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Role of prenatal magnetic resonance imaging in fetuses with isolated severe ventriculomegaly at neurosonography: A multicenter study

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  • Daniele Di Mascio
  • Asma Khalil
  • Gianluigi Pilu
  • Giuseppe Rizzo
  • Massimo Caulo
  • Marco Liberati
  • Antonella Giancotti
  • Christoph Lees
  • Paolo Volpe
  • Danilo Buca
  • Ludovica Oronzi
  • Alice D'Amico
  • Sara Tinari
  • Tamara Stampalija
  • Ilaria Fantasia
  • Lucia Pasquini
  • Giulia Masini
  • Roberto Brunelli
  • Valentina D'Ambrosio
  • Ludovico Muzii
  • Lucia Manganaro
  • Amanda Antonelli
  • Giada Ercolani
  • Sandra Ciulla
  • Gabriele Saccone
  • Giuseppe Maria Maruotti
  • Luigi Carbone
  • Fulvio Zullo
  • Claudiana Olivieri
  • Tullio Ghi
  • Tiziana Frusca
  • Andrea Dall'Asta
  • Silvia Visentin
  • Erich Cosmi
  • Francesco Forlani
  • Alberto Galindo
  • Cecilia Villalain
  • Ignacio Herraiz
  • Filomena Giulia Sileo
  • Olivia Mendez Quintero
  • Ginevra Salsi
  • Gabriella Bracalente
  • José Morales-Roselló
  • Gabriela Loscalzo
  • Marcella Pellegrino
  • Marco De Santis
  • Antonio Lanzone
  • Cecilia Parazzini
  • Mariano Lanna
  • Olav Bennike Bjørn Petersen (Medlem af forfattergruppering)
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OBJECTIVE: The aim of this study was to report the rate of additional anomalies detected exclusively at prenatal magnetic resonance imaging (MRI) in fetuses with isolated severe ventriculomegaly undergoing neurosonography.

METHOD: Multicenter, retrospective, cohort study involving 20 referral fetal medicine centers in Italy, United Kingdom, Spain and Denmark. Inclusion criteria were fetuses affected by isolated severe ventriculomegaly (≥15 mm), defined as ventriculomegaly with normal karyotype and no other additional central nervous system (CNS) and extra-CNS anomalies on ultrasound. In all cases, a multiplanar assessment of fetal brain as suggested by ISUOG guidelines on fetal neurosonography had been performed. The primary outcome was the rate of additional CNS anomalies detected exclusively at fetal MRI within two weeks from neurosonography. Subgroup analyses according to gestational age at MRI (<vs ≥ 24 weeks of gestation) and the laterality of ventriculomegaly (unilateral vs bilateral) were also performed. Univariate and multivariate logistic regression analysis was used to analyze the data.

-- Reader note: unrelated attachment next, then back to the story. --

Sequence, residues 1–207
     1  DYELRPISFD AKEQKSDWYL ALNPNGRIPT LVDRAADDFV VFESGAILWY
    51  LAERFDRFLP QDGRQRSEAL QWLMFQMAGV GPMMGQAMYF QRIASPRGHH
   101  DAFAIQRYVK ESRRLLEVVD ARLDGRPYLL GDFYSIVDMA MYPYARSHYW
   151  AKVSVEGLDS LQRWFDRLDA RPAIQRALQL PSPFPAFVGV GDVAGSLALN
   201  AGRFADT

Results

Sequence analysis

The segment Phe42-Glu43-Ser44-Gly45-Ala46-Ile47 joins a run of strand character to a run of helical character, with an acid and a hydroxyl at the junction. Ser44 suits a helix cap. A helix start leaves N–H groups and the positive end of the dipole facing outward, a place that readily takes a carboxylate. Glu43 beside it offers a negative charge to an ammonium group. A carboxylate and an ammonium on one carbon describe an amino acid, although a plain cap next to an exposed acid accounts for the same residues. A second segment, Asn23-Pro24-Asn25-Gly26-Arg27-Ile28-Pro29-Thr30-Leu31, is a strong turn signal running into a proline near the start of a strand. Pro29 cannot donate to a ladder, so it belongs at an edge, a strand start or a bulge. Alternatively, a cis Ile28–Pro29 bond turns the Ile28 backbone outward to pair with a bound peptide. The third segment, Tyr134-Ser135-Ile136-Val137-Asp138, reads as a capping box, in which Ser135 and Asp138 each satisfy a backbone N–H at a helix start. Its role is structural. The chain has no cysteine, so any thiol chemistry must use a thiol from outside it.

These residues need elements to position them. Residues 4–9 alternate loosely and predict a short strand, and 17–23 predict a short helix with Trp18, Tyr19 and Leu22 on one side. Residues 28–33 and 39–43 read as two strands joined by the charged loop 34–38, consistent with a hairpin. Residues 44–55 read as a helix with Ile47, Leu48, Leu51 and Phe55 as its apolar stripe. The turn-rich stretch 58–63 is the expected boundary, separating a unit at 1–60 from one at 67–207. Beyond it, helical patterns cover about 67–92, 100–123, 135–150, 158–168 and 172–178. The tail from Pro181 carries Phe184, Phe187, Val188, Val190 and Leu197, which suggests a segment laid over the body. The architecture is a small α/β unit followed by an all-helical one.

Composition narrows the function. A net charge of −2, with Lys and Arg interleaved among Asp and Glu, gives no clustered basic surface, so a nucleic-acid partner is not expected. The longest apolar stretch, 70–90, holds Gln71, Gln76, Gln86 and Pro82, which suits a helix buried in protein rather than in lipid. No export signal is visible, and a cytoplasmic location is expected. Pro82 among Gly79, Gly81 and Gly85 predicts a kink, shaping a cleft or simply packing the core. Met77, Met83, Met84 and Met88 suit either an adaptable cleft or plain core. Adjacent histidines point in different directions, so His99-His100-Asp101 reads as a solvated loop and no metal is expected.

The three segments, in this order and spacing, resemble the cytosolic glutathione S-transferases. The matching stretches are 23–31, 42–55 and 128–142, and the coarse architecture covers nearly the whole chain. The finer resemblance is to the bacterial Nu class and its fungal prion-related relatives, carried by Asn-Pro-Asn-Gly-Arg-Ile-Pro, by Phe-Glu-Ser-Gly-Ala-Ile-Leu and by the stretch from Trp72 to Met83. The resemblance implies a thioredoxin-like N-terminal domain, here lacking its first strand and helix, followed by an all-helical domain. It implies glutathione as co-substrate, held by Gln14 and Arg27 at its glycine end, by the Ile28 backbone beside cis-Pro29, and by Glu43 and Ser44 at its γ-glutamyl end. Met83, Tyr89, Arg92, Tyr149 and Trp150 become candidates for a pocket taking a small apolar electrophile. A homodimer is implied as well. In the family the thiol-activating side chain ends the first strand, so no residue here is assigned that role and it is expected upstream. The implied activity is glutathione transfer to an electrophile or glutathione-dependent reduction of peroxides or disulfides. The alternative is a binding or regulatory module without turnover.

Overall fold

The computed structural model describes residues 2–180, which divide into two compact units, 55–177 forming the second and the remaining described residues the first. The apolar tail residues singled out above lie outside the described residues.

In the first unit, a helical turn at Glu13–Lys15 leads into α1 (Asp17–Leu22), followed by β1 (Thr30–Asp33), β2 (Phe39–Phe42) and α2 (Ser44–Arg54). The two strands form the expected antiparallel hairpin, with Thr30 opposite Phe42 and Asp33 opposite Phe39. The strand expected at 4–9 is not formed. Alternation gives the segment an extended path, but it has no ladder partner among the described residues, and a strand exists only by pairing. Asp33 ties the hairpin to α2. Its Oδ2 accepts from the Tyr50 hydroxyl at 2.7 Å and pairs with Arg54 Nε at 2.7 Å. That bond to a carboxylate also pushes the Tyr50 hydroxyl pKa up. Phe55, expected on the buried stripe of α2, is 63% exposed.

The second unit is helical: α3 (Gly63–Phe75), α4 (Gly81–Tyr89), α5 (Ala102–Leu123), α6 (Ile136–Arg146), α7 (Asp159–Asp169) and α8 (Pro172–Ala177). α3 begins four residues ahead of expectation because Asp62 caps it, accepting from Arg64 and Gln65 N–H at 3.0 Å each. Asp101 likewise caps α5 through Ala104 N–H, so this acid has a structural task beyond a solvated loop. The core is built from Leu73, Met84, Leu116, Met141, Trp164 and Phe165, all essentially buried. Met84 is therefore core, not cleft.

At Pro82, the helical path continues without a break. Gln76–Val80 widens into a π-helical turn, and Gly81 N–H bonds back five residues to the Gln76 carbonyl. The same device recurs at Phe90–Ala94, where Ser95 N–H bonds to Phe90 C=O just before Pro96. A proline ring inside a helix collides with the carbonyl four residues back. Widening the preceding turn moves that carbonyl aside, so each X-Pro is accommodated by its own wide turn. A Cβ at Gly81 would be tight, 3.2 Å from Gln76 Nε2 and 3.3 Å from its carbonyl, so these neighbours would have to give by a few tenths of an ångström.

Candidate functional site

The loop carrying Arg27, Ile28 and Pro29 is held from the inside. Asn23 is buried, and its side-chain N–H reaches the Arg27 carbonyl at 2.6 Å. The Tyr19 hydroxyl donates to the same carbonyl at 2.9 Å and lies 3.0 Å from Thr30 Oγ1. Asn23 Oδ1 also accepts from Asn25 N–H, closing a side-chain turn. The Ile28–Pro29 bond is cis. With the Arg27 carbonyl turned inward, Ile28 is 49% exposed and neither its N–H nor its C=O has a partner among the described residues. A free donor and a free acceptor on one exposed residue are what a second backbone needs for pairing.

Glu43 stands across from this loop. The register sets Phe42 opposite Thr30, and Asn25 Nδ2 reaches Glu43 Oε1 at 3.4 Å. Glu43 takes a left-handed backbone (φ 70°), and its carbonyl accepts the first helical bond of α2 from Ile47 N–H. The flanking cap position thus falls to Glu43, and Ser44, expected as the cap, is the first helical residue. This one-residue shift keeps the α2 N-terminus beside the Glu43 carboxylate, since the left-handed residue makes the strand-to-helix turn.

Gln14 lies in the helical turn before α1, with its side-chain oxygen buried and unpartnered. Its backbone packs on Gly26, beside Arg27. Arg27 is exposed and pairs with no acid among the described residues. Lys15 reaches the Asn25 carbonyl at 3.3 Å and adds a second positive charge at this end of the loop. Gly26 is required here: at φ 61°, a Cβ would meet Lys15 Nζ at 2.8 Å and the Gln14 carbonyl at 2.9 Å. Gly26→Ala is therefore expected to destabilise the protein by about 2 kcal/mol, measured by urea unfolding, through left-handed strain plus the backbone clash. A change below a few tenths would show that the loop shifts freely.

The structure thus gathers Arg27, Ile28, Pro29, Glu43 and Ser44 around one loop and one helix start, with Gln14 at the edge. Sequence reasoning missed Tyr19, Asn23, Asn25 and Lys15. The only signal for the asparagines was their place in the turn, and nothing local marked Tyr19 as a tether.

RESULTS: 187 fetuses with a prenatal diagnosis of isolated severe ventriculomegaly on neurosonography were included in the analysis. Additional structural anomalies were detected exclusively at prenatal MRI in 18.1% of cases. When considering the type of anomaly, malformations of cortical development were detected on MRI in 32.4% cases, while midline or acquired (hypoxemic/hemorrhagic) lesions were detected in 26.5% and 14.7% of cases, respectively. There was no difference in the rate of additional anomalies when stratifying the analysis according to either gestational age at MRI or laterality of the lesion. At multivariate logistic regression analysis, the presence of additional anomalies only found at MRI was significantly higher in bilateral compared versus unilateral ventriculomegaly (OR: 4.37, 95% CI 1.21-15.76; p = 0.04), while neither maternal body mass index, age, severity of ventricular dilatation, interval between ultrasound and MRI, nor gestational age at MRI were associated with the likelihood of detecting associated anomalies at MRI.

CONCLUSION: The rate of associated anomalies detected exclusively at prenatal MRI in fetuses with isolated severe ventriculomegaly is lower than previously reported, but higher compared to isolated mild and moderate ventriculomegaly. Fetal MRI should be considered as a part of the prenatal assessment of fetuses presenting with isolated severe ventriculomegaly at neurosonography.

OriginalsprogEngelsk
TidsskriftEuropean Journal of Obstetrics and Gynecology and Reproductive Biology
Vol/bind267
Sider (fra-til)105-110
Antal sider6
ISSN0301-2115
DOI
StatusUdgivet - dec. 2021

Bibliografisk note

Funding Information:
This study was promoted and endorsed by the European NeuroSOnography (ENSO) working group.

Publisher Copyright:
© 2021 Elsevier B.V.

ID: 74000033